The revived 65-year-old Clark resident was believed to be recovering and receiving further treatment in Billings on Wednesday. His name was not available.
Emergency responders sometimes refer to their work as coordinating a kind of big dance, where everyone’s movements are in sync and united in one life-saving mission.
“That happened that day for that gentleman from beginning to end,” said Dana Brumley. She was one of three Powell Valley Healthcare EMTs who joined forces with law enforcement and helpful bystanders to save the man’s life.
“Even though we do perform the same dance (each time), sometimes that outcome is out of our hands,” Brumley said. “But this time, this time was good.”
Tuesday’s dance started around 1:59 p.m. as something of a sprint, when the call came in of the unresponsive man.
“We all literally ran to the ambulance, because those calls are always ... (it) makes your heart beat a little faster,” Brumley said.
When the EMTs arrived at Blair’s Market, they found Park County Sheriff’s Sgt. Mark Hartman and a bystander already assisting the fallen man, with several Powell police officers also arriving to lend a hand.
The man had apparently suffered a heart attack while getting into his truck. A family member had tried helping him breathe, but it was a complete stranger — whose name the EMTs and police don’t know — who began performing the chest compressions that likely helped save his life.
“It was really cool pulling up and seeing someone (had) started CPR,” said Justin “Mace” Hailey, another of the EMTs.
“That just shows that early intervention by an educated public makes all the difference,” said Brumley. “Because ... it would be a big guessing game as to his survival had they not started CPR immediately.”
The ambulance crew, led by EMT-I Geoff Hovivian, immediately went to work and followed a plan they’d discussed on the drive over.
Hailey grabbed the medical equipment and prepared for any advanced care that was needed; Brumley and one of the officers took over the CPR (her on compressions, him providing ventilations); and Hovivian applied a cardiac monitor.
The monitor found the man’s heart was in ventricular fibrillation — a fatal condition where the heart’s muscles just quiver instead of beating in a methodical top-to-bottom fashion.
CPR was paused and Hovivian applied a shock from the defibrillator. CPR resumed.
The man was then loaded onto a stretcher and into the ambulance with the help of police. The three EMTs continued providing CPR in the back of the vehicle while an officer drove.
“We started losing him again in the rig,” Brumley said, but during the ride back, “he came around,” Hovivian said.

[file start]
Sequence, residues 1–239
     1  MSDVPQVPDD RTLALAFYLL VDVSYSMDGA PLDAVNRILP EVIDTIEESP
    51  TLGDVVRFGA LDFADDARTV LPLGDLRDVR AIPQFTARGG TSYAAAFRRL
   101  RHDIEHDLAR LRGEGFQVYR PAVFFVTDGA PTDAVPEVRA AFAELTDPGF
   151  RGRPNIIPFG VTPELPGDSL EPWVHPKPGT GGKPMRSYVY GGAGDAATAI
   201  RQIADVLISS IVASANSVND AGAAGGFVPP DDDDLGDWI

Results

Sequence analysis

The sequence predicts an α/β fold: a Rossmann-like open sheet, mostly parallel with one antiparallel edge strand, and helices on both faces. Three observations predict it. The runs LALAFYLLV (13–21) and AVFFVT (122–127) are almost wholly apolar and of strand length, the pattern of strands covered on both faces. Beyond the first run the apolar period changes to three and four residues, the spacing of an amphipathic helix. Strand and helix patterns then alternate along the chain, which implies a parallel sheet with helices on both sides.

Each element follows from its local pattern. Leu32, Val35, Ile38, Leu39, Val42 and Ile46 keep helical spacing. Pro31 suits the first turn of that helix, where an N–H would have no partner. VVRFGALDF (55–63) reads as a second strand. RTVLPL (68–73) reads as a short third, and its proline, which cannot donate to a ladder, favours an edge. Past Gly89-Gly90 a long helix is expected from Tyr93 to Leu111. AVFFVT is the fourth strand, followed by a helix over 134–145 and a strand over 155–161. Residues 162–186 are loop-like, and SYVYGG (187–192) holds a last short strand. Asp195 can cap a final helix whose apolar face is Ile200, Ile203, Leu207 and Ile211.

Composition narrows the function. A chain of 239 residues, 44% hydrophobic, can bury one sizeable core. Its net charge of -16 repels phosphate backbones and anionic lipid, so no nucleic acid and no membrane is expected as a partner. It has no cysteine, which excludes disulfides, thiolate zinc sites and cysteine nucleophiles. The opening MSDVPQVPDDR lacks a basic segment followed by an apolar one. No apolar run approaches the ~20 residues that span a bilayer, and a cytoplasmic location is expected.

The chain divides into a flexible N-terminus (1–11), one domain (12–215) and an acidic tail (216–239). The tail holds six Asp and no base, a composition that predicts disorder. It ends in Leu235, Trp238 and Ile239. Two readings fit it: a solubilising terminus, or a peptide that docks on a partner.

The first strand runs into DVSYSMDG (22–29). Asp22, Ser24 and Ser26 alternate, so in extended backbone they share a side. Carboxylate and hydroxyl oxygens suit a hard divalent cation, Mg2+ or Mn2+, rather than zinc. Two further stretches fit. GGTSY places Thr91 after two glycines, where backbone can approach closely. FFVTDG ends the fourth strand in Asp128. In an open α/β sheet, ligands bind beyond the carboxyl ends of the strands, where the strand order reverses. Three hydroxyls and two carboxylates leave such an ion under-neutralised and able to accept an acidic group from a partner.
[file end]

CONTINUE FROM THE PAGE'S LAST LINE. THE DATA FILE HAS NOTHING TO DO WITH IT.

In a business where every second can count, the crew was back at the hospital with their patient just 10 minutes after the initial call. They were met by an already-prepared “Code Blue” team, which helped take over the man’s care.
The three EMTs say it was a team effort and any of their co-workers would have done the same thing.
Hovivian said it’s a strong team of medical responders and they always get a helping hand from law enforcement.
The officers involved in Tuesday’s rescue dropped by the hospital a little later to say hello to the man.
“All those officers came in and said, ‘We’re glad you’re with us,’ and said goodbye to him before he went to Billings. That was cool,” Brumley said. “You kind of get an instant bond when you save somebody’s life.”
The bond apparently worked both ways.
“It meant a lot to him, because his eyes just filled up a little bit and he said, ‘Thank you, thank you, thank you,’” Brumley said.
The good Samaritan who started CPR also stopped by; he was too late to see the man, but was excited to hear he’d made it, Brumley said.
“The (chance of a positive) outcome of a cardiac arrest is very slim, so the times that we actually do have a successful resuscitation, it’s always a joyous day — just the fact that that person’s going to live to see another day,” Hovivian said.
Hailey said a good call like Tuesday’s “definitely helps you bounce back from a call where you couldn’t help somebody.”
Brumley said it’s a reminder that the job is worth the training, late nights and bad weather — though she also said EMTs have to roll with whatever comes their way.
“Because guess what? The next call that comes out, you go again, and it doesn’t matter what just happened on the last call,” Brumley said. “You go again on the next call with new hope.”